In contrast, Aguilera claims that this part of the conversation never took place, that he never told Escalante not to contact his ex-wife, and that Escalante neither mentioned any immigration consequences nor advised him to contact an immigration attorney. According to Aguilera, Escalante only mentioned that pleading guilty would result in no jail time.

         On December 6, 2012, the State offered a plea bargain in Aguilera's case to Escalante, including one year of deferred adjudication for the assault charge, and dismissing the interference charge. Escalante testified that he discussed the plea deal with Aguilera on that same day, and again admonished his client about potential immigration issues that could result. Escalante noted that upon presentation with the plea deal, Aguilera indicated that he wanted to plead guilty. Neither Escalante nor the State ever spoke to Aguilera's ex-wife at any point. Escalante reset the case.

         On January 8, 2013, Aguilera appeared in court where he formally pleaded guilty to the assault charge, in exchange for placement on deferred adjudication for one year and an affirmative finding of family violence. On the plea paperwork, Escalante did not sign off as interpreter, despite the fact that he had communicated with his client exclusively in Spanish, and the presiding judge failed to check a box indicating that there had been immigration admonishments made. However, Escalante testified that the judge did so admonish Aguilera in court and that Escalante had interpreted them for Aguilera. Additionally, the acknowledgment regarding immigration consequences of a guilty plea was not included with the plea paperwork. Nevertheless, Escalante noted that he had gone over the immigration consequences again in court before the plea hearing with Aguilera and advised him to consult with an immigration attorney because Aguilera would be subject to deportation, to which Aguilera replied that he understood and that he would do so later.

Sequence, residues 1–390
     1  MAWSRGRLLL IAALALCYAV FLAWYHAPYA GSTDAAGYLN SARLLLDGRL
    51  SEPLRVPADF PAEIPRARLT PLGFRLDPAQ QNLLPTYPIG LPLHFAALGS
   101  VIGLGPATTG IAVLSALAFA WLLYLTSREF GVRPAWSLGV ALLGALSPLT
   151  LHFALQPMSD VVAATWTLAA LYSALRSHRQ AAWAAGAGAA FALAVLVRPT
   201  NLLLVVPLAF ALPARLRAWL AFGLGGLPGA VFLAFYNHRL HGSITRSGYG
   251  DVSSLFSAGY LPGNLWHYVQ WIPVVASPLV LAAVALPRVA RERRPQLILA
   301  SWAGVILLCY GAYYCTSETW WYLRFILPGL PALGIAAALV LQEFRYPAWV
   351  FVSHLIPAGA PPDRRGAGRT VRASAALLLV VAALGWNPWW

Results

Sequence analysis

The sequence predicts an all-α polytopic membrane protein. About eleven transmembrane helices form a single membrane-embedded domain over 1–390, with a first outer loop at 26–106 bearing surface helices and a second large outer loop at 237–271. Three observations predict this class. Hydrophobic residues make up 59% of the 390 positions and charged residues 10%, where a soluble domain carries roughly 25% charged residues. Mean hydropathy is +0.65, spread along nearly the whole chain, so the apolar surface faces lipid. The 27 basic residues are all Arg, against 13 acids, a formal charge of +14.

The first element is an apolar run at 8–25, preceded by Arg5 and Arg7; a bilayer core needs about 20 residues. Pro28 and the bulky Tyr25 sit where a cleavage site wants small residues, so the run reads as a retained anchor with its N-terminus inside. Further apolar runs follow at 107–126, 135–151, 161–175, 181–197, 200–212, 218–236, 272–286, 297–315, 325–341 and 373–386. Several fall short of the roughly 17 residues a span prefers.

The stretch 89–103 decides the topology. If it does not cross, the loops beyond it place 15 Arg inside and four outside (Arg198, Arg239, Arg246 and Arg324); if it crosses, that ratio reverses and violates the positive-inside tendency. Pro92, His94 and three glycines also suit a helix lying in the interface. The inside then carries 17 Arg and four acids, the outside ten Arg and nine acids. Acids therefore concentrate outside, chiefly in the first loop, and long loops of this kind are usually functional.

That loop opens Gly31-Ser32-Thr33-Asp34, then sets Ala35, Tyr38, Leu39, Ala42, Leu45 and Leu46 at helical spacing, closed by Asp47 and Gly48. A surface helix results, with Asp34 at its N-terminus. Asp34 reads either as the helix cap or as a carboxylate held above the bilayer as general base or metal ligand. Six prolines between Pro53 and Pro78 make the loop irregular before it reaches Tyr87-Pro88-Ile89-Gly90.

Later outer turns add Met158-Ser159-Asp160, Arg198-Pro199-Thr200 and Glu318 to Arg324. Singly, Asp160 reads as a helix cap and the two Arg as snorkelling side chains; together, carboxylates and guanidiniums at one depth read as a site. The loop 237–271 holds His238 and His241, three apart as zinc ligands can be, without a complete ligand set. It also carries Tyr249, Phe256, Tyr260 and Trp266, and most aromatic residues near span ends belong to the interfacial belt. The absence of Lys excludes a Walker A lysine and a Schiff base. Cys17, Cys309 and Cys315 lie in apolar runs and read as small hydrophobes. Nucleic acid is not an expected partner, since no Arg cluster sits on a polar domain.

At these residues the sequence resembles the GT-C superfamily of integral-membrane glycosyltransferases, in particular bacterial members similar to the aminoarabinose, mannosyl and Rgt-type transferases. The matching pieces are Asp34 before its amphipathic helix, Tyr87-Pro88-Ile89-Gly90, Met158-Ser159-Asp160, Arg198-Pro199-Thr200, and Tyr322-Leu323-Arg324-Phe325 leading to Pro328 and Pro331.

After signing the plea paperwork and at some point into the one-year deferred adjudication period, Aguilera called Escalante when he learned that the State changed the stipulations of the plea agreement, replacing anger management classes with domestic violence counseling. Escalante then noted that Aguilera contacted him later after that call, requesting a referral to an immigration attorney, and Escalante gave it to him. Escalante testified that even though he had advised Aguilera throughout his representation to contact an immigration attorney, Aguilera had waited until after the plea to request a referral because he had told Escalante that he would deal with it later.